More than 40, 000 foreigners live and work in Egypt. It is possible to find work with one of the many foreign companies, especially if you begin your research before you leave home. Cairo: A Practical Guide, edited by Claire E Francy and published by the American University in Cairo Press (E£60), has lots of information about working in Cairo. Once you have an employer, securing a work permit through an Egyptian consulate or from the Ministry of the Interior (if you are in Egypt) should not be difficult.
The most easily available work for native or fluent English-speakers is teaching the language to the locals. The best places to do this are reputable schools such as the ILI in Cairo. However, all of these places require qualifications and the minimum requirement is a Certificate in English Language Teaching to Adults (Celta). The ILI runs several one-month intensive Celta courses each year and sometimes employs course graduates.
If you have no qualifications or experience, you could try one of the ‘cowboy schools’ such as central Cairo’s International Living Language Institute (ILLI; 34 Talaat Harb, Cairo), which is on the top floor above El-Abd bakery. These are fly-by-night places (that said, the ILLI has been around for nearly 20 years) that take on unqualified staff and work them hard for little financial return. But they do pay enough to allow you to stay on and maybe earn enough to take the Celta and gravitate to better-paid employment.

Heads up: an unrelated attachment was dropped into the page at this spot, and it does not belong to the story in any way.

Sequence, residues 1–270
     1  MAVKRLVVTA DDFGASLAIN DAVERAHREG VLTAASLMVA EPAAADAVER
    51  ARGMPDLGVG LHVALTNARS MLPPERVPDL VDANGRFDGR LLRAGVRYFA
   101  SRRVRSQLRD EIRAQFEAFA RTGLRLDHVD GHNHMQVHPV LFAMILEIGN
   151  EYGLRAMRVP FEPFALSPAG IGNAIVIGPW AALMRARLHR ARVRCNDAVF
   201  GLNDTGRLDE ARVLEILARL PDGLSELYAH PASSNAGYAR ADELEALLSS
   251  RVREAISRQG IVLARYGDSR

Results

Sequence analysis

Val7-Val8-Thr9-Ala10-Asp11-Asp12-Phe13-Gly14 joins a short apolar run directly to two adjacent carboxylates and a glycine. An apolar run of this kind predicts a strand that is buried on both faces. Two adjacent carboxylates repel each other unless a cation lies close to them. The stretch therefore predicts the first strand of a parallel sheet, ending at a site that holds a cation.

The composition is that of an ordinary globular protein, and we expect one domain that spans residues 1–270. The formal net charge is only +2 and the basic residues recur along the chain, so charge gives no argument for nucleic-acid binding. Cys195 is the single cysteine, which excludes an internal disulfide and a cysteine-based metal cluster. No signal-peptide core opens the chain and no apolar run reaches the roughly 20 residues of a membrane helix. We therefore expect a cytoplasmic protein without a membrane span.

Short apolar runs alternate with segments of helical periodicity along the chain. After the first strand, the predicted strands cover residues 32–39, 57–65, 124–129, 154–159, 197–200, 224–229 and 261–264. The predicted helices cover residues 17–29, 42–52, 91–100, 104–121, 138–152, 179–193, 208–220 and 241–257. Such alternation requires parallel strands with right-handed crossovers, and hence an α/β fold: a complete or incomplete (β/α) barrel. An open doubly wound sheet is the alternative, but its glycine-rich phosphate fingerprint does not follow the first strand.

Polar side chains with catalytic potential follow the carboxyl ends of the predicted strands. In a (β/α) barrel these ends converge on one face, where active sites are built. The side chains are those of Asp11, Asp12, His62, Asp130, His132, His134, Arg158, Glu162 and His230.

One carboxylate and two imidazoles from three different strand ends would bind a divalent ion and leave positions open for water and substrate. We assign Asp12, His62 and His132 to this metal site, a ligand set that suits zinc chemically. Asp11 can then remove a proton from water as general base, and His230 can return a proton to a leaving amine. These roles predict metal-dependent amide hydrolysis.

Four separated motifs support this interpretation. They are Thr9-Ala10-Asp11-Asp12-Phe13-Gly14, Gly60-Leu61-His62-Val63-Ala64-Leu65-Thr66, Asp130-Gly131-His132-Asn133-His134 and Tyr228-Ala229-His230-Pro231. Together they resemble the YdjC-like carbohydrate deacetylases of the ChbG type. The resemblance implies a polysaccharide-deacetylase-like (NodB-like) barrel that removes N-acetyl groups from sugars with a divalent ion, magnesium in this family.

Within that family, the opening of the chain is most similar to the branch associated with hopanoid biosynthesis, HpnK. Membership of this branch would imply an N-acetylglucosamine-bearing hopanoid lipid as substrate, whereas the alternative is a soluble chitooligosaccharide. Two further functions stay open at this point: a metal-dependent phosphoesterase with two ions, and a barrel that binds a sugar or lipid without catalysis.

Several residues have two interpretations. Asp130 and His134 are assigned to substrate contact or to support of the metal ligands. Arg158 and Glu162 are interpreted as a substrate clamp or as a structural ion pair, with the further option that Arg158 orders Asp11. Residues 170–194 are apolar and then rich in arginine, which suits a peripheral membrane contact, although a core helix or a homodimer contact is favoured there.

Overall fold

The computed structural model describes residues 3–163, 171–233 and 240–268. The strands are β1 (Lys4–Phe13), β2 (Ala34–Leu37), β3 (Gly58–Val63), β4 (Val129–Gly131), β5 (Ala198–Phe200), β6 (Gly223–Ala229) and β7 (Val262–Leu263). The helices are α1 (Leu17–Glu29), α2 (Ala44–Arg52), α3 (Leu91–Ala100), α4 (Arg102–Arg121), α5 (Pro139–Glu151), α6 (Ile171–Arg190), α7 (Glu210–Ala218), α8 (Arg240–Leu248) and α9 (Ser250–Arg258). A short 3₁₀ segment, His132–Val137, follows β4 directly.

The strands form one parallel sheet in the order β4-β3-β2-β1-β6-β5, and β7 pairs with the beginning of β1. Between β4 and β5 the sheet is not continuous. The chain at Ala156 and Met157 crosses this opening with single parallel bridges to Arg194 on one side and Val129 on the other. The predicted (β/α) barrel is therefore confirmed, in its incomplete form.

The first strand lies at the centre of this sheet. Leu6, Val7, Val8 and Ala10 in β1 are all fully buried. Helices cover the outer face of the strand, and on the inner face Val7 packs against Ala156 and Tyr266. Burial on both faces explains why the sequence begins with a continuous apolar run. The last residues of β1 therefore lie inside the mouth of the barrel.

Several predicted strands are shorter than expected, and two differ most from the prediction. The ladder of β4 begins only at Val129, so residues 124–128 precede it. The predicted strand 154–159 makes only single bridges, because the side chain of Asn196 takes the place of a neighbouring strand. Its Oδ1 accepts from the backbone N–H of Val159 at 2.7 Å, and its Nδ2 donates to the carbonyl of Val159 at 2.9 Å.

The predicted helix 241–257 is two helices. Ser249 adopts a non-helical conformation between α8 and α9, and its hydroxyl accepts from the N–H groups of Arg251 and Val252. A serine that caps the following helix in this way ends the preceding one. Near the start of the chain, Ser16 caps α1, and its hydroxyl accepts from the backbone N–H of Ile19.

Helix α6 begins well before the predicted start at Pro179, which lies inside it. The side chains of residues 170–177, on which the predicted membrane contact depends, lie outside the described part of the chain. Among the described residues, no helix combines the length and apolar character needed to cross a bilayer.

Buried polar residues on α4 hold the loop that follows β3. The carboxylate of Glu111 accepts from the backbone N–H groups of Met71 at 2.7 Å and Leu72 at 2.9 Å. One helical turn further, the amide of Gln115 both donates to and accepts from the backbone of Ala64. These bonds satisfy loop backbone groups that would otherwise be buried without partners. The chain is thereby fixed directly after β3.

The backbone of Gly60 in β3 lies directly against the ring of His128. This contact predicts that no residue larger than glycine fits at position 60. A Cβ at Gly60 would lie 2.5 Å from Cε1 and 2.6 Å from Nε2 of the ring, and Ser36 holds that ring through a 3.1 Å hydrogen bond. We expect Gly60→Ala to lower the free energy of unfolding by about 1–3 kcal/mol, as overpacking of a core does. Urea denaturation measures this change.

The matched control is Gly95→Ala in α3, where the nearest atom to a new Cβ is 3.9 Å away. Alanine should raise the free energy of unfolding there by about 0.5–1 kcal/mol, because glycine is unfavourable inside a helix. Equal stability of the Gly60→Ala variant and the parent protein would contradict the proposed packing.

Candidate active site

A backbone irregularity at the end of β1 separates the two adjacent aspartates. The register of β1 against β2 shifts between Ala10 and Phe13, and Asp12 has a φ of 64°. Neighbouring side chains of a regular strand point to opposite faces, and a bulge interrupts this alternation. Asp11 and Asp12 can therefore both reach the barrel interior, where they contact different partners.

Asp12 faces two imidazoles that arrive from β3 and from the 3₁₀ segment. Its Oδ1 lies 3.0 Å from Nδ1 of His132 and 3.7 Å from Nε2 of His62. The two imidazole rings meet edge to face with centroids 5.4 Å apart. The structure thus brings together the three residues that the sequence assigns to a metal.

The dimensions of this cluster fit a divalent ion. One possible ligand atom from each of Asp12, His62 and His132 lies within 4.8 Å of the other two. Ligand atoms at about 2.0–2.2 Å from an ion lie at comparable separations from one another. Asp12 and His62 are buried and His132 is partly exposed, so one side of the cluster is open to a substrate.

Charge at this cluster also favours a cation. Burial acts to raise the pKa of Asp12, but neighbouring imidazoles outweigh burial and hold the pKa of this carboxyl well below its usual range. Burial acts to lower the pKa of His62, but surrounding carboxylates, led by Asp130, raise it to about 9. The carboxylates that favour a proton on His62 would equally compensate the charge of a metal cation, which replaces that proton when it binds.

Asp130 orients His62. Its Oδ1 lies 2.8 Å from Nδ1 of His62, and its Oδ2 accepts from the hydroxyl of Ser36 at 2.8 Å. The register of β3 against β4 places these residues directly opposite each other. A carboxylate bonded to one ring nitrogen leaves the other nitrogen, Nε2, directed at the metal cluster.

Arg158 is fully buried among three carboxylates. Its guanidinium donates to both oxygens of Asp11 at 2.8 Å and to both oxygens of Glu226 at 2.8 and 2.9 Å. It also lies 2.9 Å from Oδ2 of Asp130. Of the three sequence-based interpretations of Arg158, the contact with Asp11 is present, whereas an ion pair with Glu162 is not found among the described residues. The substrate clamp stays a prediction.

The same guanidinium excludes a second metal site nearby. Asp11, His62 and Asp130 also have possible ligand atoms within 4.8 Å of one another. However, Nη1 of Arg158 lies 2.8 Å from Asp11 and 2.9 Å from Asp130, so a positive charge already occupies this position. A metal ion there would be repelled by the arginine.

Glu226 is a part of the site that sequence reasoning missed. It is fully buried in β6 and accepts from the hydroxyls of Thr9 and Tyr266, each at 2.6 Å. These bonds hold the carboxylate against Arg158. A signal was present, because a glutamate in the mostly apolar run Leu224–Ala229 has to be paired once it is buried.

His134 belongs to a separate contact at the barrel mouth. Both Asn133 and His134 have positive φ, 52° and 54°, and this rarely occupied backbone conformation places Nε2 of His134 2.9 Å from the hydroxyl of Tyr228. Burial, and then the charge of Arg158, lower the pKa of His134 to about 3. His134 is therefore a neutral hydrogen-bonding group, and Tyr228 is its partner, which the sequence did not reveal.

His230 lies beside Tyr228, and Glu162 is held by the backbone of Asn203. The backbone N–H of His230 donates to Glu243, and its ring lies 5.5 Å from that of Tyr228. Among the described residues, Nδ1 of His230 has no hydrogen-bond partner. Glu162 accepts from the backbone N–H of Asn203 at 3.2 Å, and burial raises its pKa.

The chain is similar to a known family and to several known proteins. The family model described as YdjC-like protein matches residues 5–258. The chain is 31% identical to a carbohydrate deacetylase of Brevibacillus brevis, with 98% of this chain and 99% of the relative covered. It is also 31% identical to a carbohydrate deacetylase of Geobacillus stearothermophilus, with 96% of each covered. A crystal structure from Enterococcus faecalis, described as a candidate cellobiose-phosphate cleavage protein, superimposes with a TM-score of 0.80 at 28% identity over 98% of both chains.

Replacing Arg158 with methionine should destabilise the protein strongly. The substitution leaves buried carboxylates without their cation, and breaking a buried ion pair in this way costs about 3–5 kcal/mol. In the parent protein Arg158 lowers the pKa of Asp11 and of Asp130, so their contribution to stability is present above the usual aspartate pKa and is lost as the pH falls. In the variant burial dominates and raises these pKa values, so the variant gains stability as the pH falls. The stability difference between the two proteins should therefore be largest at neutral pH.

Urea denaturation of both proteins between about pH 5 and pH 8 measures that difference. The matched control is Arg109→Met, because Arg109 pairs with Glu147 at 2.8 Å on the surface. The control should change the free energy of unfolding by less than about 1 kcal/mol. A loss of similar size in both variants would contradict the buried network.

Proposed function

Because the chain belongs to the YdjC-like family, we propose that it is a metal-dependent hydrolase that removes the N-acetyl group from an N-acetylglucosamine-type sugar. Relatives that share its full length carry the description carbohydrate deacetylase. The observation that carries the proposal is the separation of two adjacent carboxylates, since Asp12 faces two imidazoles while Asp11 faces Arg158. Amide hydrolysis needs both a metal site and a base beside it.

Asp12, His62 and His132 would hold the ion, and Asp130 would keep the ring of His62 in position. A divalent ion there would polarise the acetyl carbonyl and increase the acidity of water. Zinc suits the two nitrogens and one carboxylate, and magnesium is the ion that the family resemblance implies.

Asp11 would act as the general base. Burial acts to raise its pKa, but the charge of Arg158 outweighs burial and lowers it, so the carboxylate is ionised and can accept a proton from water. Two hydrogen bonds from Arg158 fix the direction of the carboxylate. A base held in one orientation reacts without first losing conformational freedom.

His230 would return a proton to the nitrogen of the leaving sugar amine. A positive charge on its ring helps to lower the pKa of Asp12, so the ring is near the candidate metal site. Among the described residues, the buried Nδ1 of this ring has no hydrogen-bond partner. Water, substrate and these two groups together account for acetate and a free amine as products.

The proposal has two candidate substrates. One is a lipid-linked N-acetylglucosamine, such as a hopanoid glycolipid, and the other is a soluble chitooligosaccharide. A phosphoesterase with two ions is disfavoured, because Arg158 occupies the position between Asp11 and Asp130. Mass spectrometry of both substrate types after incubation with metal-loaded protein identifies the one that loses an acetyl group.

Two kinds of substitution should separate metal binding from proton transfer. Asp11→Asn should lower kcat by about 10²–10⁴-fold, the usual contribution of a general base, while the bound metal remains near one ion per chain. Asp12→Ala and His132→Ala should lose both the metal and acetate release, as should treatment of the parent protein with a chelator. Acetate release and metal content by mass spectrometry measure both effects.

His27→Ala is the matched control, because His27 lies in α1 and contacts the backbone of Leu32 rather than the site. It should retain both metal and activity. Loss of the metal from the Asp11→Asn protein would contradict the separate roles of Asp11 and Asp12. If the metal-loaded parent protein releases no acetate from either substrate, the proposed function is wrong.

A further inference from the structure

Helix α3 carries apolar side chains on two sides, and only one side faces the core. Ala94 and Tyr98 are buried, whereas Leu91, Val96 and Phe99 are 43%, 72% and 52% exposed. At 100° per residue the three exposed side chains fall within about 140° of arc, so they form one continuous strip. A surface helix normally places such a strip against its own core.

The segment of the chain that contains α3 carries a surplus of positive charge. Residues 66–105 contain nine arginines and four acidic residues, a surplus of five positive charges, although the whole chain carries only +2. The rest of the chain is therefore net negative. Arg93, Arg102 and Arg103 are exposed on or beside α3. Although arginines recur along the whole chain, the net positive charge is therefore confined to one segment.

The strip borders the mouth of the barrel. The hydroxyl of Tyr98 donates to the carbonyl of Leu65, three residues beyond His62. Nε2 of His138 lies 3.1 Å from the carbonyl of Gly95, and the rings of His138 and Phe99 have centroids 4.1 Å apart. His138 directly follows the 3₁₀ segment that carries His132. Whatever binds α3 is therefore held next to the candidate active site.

If you are a dive master or diving instructor you can find work in Egypt’s diving resorts fairly easily. As many divers fund their travels through such work the turnover is high and you’re likely to find an opening if you can hang around for a couple of weeks. Owners say that apart from the basic diving qualifications, they look for languages and an ability to get along with people. If you’re interested in a job, a dive centre will usually take you along on a few dive trips to assess your diving skills and to see how you interact with others before offering you work.
It is sometimes possible to find other types of work in resort towns. Sharm el-Sheikh and Dahab in particular have a relatively large number of travellers who find short-term work as bartenders or workers in the many hotels and dive centres dotted along the beach. There are also a few enterprising travellers who’ve financed their stay by setting up shop as masseurs, acupuncturists and herbalists.
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